"To collect was not only to preserve, but also to alter through the addition of new meanings--just as the books on my shelf were becoming an autobiography of myself that would also be dispersed someday--meanings which were individual, personal and destined to fade away without a trace."

With her background as an archivist and a museum technician in the Four Corners area of the southwest, Olsen knows what this landscape can tell us. Americans typically don't have to live daily with thousand-year structures or billion-year geology. We can make our own ruins, thank you, and build over them with something new and reassuring.

But out here the big spaces and silences force us to confront our conceits of individuality and national exceptionalism. Unlike the forest-dwellers, we can't help but see how time and nature always win out.

Out here, we ready ourselves to become the next Anasazi.
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Format: Paperback Verified Purchase
For a long time the Southwest was an orphan in the literary world. Even when Wallace Stegner, Edward Abbey, and others were winning national audiences of readers, the academic and NYC literary world acted as if the urban and suburban worlds, the personal and political worlds, were the only and real worlds, and that anything set in the West must be too dusted with cowboy mythology to be taken seriously. It's a good sign that Torrey House Press, the publisher of this book, is trying to do for the desert Southwest what other leading literary presses, like those based in San Francisco or Minneapolis, have done for their regions, giving young and original writers a chance to speak for the region and the experience they know well.

Erica Olsen's "Recapture" is a promising start for both her publisher and herself. As an archaeologist for whom the Four Corners region is first of all a landscape of ancient ruins, Olsen avoids the unavoidable trap of looking upon the land as merely a theater for the American national story of conquest and settlement. For Olsen, the land and the ruins belong to their own world. Yet she does repeatedly grapple with the disconnection between this land and the recent sheet of American and tourism culture thrown over it, sometimes hiding it. She is troubled by how Americans can't seem to see this land in authentic ways; several stories involve fake or re-created places or ruins. She (or at least her characters) are seeking their own, original connections with the land. These are mainly personal connections, often romantic connections. They often fail. The ruins in the stories sometimes become symbols of ruined attempts at connections. The American present and the ancient land just can't quite reach an honest and lasting bond.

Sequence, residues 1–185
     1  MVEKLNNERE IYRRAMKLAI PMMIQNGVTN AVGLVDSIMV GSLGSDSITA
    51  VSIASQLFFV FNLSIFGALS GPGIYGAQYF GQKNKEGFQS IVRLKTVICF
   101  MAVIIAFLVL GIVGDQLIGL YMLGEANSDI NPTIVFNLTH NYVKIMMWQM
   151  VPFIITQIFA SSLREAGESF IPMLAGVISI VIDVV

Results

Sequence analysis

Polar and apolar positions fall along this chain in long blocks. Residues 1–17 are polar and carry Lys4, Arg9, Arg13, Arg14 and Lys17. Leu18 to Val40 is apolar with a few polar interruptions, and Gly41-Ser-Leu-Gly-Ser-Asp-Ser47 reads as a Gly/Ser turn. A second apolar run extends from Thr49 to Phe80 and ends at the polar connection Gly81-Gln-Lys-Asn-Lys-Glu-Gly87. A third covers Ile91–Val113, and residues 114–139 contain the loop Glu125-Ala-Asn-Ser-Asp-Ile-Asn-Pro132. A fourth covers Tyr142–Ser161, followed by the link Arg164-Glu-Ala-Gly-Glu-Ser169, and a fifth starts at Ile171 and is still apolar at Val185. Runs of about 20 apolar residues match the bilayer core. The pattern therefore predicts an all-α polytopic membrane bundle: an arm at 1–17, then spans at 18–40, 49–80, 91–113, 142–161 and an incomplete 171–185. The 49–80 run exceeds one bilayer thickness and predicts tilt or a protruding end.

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I totally underestimated "Recapture and Other Stories". Olsen's stories convey a close understanding of the people and places of the Southwest and give glimpses of futures that invite dire speculation. At times deeply personal, and at other times scientific, this collection presents an experience of seeing landscapes and relationships through lenses large and small. These stories will leave you wondering, and wanting to know more.
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Read my full review @ bit.ly/SRMuHe

My opinion: In my humble opinion, it takes a special person to have the skill set necessary to write short stories and not treat them as off-shoots of full length novels. Short stories require a conciseness while respecting the characters and setting, in doing justice to them and not underwriting who they are while "telling" the story. There is also a respect which is imperative in not underwriting the story, as well. Olsen is one of these authors. Her characters are inviting, while not always being perfect and her descriptors for the setting make the reader feel that they are walking right along side the characters. To boot, her stories are engrossing in the short amount of pages given for each of them.

On a side note, while the stories are set in the American West/Southwest could limit the audience for this book by the description, I would encourage readers outside this region of the US to take a look at this dynamic tiny read!
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Anyone who lives, or visits,just passes through, or dreams of the Southwest,should read this volume of short stories by master story-teller Erica Olsen. With piercing vision and ironic understanding, she captures not only the fragrance of sage and the taste of red dust but also creates indelible characters, some of whom you have surely known. I'm buying half a dozen copies as gifts!